As I write this, we began our first day of Level 4 – a very minor (indeed, almost imperceptible) easing of lockdown restrictions. There’s still no way of knowing how long it will take before some semblance of life – albeit in a totally new way – resumes. The COVID-19 infection rate is largely unpredictable, and – in the case of SA, with its glaring divide between haves and have-nots, formal and informal economies, privileged and deprived communities – its trajectory will not resemble that of other countries.
It’s easy to succumb to depression and despair. However, what’s essential is beginning now, despite the lockdown, to shift into a mental mode that prepares us to return to work. Without that attitude, we’re colluding in our own psychological defeat.
There’s an old, deeply wise adage: “Work is the best remedy.” It remains as true now as it’s ever been. Shifting into action is the first and most important step towards healing, whether it be from grief, trauma, illness or prolonged depression. I call on all our readers, whether they’re executives or entrepreneurs, to wake up tomorrow morning and, even if only metaphorically, get up, get dressed and get ready for a day of hard work. Those of us who’ve been working from home need to jump in and get busy, making no allowances for in-between hour-long breaks of mindlessly watching TV, eating, or commiserating with friends on the telephone or via video-calls. Those waiting to return to physical workplaces nevertheless need to be on mental standby. When the time arrives for us to actually do that, the rate at which our economy recovers will depend on how proactive we are in jump-starting it and staying the course until it’s functioning without life support.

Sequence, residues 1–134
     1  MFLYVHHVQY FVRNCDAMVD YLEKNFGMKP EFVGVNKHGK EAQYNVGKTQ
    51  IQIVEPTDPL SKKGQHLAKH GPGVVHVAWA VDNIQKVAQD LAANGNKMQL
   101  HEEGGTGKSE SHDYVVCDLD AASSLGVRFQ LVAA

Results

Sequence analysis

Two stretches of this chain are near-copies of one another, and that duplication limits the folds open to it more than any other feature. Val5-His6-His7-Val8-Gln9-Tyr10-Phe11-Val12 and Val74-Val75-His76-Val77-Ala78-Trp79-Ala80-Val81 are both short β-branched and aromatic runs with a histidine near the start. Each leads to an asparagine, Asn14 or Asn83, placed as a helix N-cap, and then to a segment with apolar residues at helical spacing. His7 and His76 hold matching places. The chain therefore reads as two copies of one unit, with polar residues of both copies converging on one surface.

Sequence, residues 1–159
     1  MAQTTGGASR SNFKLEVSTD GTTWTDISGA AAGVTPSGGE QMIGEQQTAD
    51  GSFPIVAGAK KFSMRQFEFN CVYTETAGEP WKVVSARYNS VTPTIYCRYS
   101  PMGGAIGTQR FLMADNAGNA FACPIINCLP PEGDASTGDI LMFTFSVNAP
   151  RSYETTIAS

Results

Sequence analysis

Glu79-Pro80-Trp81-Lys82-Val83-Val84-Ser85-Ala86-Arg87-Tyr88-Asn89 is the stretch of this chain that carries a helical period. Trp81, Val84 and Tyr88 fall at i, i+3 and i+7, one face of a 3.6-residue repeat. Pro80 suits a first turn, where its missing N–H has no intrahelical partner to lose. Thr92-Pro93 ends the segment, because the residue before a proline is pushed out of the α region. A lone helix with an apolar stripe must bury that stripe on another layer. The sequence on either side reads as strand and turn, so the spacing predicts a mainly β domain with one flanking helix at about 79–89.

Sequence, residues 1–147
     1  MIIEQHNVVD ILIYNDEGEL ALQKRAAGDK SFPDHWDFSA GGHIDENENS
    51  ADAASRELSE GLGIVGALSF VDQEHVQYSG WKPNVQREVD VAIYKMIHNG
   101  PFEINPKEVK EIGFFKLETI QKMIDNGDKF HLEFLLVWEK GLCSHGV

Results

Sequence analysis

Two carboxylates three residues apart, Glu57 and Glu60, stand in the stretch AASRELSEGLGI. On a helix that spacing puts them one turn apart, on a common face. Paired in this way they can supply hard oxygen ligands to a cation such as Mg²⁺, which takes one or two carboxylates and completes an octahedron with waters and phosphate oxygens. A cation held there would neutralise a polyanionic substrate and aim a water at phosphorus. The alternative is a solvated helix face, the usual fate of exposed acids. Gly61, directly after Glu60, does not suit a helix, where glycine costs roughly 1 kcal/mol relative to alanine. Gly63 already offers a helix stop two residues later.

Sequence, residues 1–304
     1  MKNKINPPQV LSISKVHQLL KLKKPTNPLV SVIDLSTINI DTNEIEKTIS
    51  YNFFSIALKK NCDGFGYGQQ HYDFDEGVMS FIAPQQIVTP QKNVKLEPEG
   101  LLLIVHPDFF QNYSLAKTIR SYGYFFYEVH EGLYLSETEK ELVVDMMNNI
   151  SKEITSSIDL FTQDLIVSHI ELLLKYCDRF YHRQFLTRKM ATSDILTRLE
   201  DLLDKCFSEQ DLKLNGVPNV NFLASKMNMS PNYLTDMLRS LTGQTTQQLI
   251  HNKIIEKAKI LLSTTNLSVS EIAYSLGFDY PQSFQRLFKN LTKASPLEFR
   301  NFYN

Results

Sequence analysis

At this time of uncertainty, the best favour we can do ourselves and our country is resisting a mindset of defeat. We’re South Africans. We can do this.
The features in this special online edition of DESTINY all remind us that there’s a massive reservoir of resources, energy, goodwill and hope to be utilised out there, and a future to work towards. That future starts now, even during the lockdown. Let’s get going: we have lives waiting for us and we need to ensure we still fit them.Yours in recovery and resilience –